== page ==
Unreal
Unreal Tournament
USENET News Service
VDO Video
Ventrilo
Virtual Network Computing (VNC)VNC
VoiceWing VoIP Phone Service
Vonage
VoIP Phone Service
VoxChat
VoxPhone
Warbirds
Web Server
Webcam (TrueTech)
Webcam
Webforce Compcore MPEG
WebPhone
Westwood Online
Windows 2000 Terminal Server
World of WarCraft
Worms
X Windows
XBoX
Yahoo Messenger
Yahoo Messenger Chat
Yahoo Messenger Phone
Yahoo Pager
ZNES

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Sunday, September 14, 2008

Hyper-V and VMWare 2.0 Incompatible on Windows 2008

Bummer. The title says it all.

With the new quad-core, 8GB ram with 1.5TB space Dell monster Inspiron 518 I put together -- I wanted to use it to test out both Microsoft's Hyper-V and VMWare's latest server version 2.0 -- at least their release candidate 2 (RC2). The main reason I picked up the machine (overkill, I know) was so I could test out a number softwares and technologies that I had not had the opportunity to.

I went ahead and setup my 60-day trial of the Microsoft Windows Server 2008 operating system, created the server role for Hyper-V and then brought over a couple of Virtual Server / Virtual PC machines that I had setup. The transition went smooth, so I was feel pretty good about it.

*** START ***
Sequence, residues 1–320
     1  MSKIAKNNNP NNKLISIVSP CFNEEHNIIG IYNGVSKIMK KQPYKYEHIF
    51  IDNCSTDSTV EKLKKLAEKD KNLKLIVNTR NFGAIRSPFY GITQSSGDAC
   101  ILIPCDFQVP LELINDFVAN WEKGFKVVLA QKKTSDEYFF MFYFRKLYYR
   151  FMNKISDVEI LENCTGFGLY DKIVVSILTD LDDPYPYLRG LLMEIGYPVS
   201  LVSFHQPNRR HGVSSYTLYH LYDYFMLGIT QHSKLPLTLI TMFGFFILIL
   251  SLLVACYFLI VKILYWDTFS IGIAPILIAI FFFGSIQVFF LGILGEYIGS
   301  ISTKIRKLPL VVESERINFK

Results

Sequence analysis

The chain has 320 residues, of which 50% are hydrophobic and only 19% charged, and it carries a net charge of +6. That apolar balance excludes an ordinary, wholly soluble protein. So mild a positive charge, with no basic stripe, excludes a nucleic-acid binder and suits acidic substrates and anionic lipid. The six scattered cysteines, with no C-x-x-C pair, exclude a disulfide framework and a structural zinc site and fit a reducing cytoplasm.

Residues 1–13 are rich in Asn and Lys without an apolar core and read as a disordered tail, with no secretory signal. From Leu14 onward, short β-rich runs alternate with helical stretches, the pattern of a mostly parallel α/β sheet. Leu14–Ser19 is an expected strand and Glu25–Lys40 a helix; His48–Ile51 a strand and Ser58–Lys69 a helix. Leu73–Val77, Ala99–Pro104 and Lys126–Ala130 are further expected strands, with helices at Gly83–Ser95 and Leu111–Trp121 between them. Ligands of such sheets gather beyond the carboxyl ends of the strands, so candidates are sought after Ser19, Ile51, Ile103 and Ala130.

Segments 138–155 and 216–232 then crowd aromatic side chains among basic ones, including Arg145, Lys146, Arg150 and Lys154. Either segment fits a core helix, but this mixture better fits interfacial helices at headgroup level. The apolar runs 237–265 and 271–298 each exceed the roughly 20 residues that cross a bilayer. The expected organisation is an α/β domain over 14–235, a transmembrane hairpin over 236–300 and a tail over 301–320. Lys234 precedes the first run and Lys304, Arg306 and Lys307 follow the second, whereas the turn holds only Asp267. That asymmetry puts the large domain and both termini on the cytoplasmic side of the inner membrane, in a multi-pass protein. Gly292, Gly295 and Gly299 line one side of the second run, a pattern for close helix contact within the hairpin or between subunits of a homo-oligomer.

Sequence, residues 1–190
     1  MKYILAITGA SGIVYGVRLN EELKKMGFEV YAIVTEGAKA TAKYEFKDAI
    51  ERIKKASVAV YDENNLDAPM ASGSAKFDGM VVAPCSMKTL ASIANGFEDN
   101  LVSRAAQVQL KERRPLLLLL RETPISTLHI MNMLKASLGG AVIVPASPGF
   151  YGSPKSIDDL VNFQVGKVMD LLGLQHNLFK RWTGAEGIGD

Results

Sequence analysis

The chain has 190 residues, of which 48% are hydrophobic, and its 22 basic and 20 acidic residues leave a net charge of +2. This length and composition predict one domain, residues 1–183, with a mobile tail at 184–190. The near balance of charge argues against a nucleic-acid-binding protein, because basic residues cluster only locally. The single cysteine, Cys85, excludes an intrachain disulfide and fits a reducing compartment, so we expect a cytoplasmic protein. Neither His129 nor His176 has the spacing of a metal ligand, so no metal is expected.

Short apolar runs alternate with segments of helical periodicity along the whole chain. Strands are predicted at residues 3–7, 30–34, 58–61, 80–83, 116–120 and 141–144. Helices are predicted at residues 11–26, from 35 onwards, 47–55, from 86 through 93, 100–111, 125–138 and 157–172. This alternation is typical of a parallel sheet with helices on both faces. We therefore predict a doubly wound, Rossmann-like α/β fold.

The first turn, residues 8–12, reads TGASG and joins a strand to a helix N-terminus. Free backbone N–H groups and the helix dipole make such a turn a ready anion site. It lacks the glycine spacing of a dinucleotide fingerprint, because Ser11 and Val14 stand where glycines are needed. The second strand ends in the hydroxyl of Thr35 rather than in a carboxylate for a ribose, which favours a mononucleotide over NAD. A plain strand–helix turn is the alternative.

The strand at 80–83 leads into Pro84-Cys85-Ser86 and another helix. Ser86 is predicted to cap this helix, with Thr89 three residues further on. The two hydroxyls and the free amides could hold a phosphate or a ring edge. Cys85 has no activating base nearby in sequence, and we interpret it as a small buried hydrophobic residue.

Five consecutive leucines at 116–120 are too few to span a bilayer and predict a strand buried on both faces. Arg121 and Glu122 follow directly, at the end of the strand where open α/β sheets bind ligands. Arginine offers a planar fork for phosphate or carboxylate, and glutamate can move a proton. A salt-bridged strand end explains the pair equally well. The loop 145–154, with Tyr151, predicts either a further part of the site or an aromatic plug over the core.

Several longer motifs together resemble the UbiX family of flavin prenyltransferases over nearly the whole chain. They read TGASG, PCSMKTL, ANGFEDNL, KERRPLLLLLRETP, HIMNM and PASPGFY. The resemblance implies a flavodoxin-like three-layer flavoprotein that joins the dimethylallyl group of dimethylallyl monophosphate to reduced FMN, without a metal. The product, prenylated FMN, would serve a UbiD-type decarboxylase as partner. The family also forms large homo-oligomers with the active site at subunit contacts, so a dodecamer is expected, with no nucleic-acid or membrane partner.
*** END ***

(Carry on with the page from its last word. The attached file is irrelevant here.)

At the same time, I have a number of VMWare images because of the hard drive capacity issues that previous versions of Virtual Server and Virtual PC (127GB) had. After having some problems getting VMWare 1.0.7 to install on Windows 2008 server, I focused my attention on VMWare Server 2.0 RC2.

After downloading the 571MB installation file, VMware-server-2.0.0-110949.exe -- I tried to install VMware server. Bad news immediately:

VMWare and Hyper-V incompatible. Setup cannot continue because Microsoft's Hyper-V is being used. Please disable it, reboot and start the VMWare Server installation again."Setup cannot continue because Microsoft's Hyper-V is being used. Please disable it, reboot and start the VMWare Server installation again."

Not really what I was expecting our hoping for. The best case in my opinion was that I could run both simultaneously on my machine, the worst case is that I could turn one off and run the other. All I needed to do was "disable" the Microsoft Hyper-V software.

If only it was that simple. I figured that to "disable" that meant I could just go into Server Manager, and stop the three main services that run the Microsoft Hyper-V software: Hyper-V Image Management Service, Hyper-V Networking Management Service, and Hyper-V Virtual Machine Management. I went in, stopped the Windows services and then set them to disabled, hoping that would unlock the installation process.